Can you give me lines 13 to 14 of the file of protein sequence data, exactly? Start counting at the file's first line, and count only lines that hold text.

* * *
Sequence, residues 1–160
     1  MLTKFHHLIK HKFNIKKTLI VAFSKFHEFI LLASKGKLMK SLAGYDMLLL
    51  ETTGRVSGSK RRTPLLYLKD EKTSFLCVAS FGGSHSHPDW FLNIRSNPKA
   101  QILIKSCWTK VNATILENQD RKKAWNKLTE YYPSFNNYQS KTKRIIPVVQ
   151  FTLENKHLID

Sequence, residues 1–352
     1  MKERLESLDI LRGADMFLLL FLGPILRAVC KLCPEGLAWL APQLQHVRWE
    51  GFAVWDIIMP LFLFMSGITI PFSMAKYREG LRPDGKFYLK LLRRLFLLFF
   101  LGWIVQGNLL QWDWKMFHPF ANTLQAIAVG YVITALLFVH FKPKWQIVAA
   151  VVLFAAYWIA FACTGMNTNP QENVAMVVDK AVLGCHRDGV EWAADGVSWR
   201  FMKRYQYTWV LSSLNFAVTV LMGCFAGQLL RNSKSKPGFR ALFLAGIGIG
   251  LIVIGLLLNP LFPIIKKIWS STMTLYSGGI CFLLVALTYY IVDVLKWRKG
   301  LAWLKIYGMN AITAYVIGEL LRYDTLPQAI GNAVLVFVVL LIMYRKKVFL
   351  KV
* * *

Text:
   301  LAWLKIYGMN AITAYVIGEL LRYDTLPQAI GNAVLVFVVL LIMYRKKVFL
   351  KV